Bulgogi is traditionally grilled, but pan cooking has become popular as well. Whole cloves of garlic, sliced onions and chopped green peppers are often grilled or fried with the meat. This dish is sometimes served with a side of lettuce, which is used to wrap a slice of cooked meat, often along with a dab of ssamjang (a thick spicy sauce made of soy bean paste, a red chili condiment, sesame oil, garlic, green onions, and optionally brown sugar), or other side dishes, and then eaten together. (Wikipedia: Bulgogi)
Mr. Yun, Coffee-J, me and Mr. Sun at our bulgogi dinner
As always at any Korean gathering, the meal is accompanied by huge amounts of beer and soju, a distilled South Korean beverage traditionally made from rice. It tastes similar to vodka but sweeter (Wikipedia: Soju). There are always some bottles of Fanta also floating around.
Me and Mr. Sun making a toast with soju
In short order, with all the soju and beer going around, everyone is quite drunk. We laugh a lot and I feel like these carpooling co-teachers of mine are becoming good friends.
Mr. Sun and I have a race to see who can drink our soup the fastest
Mr. Yun doesn’t speak a word of English, but he’s always a jolly fellow
After dinner, we go to noraebang, where we all have a grand time belting out songs, both Korean and English. Crazy times!!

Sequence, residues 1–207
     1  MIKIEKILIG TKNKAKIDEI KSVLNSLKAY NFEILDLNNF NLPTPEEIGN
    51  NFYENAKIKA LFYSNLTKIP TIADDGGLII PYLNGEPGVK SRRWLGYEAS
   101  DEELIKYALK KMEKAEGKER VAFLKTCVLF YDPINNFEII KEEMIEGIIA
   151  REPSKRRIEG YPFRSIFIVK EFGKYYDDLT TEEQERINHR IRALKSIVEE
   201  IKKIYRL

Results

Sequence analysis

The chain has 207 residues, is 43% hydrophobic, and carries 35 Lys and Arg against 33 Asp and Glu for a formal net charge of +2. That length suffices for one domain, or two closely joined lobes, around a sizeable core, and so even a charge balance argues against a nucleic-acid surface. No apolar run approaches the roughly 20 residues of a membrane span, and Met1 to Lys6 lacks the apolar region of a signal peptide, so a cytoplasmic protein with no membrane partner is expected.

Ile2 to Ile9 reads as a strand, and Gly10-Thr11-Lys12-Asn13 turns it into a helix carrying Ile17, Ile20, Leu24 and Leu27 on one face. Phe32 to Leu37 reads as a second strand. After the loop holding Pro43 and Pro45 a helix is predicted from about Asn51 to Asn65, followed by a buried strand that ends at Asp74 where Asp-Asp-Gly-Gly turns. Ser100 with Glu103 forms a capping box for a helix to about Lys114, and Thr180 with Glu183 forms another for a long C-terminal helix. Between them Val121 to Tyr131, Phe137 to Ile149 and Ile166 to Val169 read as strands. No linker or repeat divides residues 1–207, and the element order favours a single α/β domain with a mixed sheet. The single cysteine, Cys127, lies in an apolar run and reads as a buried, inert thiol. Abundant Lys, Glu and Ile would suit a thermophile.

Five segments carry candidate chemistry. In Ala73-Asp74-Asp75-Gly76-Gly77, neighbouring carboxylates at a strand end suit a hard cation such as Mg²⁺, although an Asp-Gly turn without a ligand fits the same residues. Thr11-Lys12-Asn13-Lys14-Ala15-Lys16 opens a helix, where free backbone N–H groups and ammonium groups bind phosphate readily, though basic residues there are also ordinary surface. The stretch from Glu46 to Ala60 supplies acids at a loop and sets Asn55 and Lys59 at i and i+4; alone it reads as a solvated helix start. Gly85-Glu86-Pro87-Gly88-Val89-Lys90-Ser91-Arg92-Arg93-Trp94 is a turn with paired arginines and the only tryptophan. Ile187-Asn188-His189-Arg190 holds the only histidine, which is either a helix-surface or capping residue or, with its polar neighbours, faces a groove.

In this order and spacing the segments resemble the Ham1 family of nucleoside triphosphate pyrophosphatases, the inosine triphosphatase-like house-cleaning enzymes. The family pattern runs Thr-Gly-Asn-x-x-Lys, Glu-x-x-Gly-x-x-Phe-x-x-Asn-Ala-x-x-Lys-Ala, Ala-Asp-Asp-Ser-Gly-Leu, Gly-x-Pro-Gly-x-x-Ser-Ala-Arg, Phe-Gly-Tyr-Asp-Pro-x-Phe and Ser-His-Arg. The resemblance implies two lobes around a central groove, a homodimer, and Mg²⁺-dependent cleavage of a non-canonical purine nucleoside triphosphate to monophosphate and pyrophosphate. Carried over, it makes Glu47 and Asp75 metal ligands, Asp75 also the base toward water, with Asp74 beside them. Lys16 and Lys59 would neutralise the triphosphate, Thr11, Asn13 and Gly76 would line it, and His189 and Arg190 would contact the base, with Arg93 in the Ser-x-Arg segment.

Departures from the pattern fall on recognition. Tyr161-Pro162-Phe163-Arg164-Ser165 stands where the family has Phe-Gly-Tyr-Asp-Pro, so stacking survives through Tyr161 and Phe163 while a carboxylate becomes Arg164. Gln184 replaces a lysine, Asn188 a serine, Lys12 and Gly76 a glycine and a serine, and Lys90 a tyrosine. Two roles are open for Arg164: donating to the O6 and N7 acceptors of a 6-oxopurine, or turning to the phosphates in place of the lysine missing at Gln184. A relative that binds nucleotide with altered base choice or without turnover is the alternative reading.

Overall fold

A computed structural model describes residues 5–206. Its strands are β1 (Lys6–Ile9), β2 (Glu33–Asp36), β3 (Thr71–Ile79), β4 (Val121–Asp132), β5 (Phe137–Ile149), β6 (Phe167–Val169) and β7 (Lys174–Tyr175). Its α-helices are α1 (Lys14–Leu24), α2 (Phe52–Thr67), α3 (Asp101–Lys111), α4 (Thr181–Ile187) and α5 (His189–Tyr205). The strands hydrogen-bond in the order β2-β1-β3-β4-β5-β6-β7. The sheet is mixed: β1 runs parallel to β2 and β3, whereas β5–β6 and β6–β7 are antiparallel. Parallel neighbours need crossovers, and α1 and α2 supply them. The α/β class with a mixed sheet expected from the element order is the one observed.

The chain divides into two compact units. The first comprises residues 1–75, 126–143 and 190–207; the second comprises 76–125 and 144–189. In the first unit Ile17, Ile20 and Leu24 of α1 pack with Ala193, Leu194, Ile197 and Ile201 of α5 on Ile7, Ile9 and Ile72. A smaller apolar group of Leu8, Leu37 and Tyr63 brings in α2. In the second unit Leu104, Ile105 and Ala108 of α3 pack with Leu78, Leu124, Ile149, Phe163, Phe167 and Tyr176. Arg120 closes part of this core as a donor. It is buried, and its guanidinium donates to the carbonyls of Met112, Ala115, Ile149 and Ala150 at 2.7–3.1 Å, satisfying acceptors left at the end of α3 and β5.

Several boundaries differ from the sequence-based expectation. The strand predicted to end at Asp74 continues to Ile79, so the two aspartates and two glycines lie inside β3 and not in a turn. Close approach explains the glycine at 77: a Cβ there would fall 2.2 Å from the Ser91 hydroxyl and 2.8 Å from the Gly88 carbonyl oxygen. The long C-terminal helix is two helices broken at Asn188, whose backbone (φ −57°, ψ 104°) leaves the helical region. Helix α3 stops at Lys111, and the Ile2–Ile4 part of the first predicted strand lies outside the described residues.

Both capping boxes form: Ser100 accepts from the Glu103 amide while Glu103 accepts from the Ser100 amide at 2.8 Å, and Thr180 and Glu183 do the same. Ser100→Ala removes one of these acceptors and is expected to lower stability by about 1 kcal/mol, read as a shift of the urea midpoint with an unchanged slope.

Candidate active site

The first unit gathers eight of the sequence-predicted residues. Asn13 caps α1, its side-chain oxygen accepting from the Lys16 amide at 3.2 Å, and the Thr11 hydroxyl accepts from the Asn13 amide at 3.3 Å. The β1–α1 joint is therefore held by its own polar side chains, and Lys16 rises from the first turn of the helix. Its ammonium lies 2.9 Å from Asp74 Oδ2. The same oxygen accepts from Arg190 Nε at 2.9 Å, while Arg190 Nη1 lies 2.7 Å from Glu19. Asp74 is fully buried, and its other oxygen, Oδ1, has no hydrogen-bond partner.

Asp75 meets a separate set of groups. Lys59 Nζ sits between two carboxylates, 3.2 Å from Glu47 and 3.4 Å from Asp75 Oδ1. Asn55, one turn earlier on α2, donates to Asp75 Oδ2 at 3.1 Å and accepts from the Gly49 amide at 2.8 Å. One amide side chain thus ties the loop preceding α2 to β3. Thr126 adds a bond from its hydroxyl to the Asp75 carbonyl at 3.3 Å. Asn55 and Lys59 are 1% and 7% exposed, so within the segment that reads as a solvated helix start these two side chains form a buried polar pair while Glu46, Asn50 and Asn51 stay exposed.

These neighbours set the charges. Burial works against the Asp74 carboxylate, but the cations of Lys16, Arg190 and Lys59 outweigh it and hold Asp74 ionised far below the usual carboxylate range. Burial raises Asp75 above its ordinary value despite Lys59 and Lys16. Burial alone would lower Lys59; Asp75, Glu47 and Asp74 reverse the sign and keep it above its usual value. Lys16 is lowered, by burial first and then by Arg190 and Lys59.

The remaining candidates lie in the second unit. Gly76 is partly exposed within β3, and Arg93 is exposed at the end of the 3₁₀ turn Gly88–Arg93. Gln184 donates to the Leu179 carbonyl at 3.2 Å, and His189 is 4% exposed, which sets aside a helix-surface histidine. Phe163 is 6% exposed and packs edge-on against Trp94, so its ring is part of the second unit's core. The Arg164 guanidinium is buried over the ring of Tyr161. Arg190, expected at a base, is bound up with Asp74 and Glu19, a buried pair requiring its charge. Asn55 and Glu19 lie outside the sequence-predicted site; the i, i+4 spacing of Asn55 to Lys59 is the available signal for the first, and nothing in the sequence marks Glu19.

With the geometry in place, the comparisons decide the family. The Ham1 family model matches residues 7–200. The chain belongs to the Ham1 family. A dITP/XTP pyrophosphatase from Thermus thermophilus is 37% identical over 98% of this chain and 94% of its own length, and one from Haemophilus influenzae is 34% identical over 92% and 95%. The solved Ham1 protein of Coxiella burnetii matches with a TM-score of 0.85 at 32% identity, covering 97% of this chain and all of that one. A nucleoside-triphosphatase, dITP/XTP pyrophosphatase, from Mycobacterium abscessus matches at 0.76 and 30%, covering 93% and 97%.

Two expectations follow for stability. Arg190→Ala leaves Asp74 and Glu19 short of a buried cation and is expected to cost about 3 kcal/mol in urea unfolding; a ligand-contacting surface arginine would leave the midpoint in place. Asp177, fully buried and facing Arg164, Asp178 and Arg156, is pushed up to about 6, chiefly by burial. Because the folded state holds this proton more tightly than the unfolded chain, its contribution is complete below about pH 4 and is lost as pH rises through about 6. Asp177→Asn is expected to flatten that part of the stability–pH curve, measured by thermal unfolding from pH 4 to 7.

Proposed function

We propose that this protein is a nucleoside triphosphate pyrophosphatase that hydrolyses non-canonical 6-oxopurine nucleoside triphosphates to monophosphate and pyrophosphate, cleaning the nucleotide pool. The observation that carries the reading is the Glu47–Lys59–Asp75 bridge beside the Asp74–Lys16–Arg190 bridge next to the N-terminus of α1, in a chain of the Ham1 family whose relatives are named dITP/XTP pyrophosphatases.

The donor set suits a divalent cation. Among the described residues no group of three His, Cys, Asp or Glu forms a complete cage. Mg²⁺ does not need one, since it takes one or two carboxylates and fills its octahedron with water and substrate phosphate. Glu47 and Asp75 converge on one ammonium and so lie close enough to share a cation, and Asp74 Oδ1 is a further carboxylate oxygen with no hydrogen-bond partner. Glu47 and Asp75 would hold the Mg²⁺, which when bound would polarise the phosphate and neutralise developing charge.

me, probably singing Hotel California, always my song of choice! 🙂
me and Mr. Yun singing in the noraebang
Tuesday, April 27: Today, I’m informed once again that we’re having a carpool party, this time including Mr. O from Byeokjin Elementary. After work, we head to a restaurant between Seongju and Daegu. As always, the meal includes a lot of beer and soju and as always, there are lots of laughs and high jinx. This is typical Korean culture that I experienced too many times to count!
Coffee-J’s face always turns bright red when he drinks
me holding a bottle of soju
Coffee-J with chopstick teeth
the typical Korean pose with the V-sign
Take one down and pass it around, 99 bottles of soju on the wall 🙂
a pose with bottles of beer and soju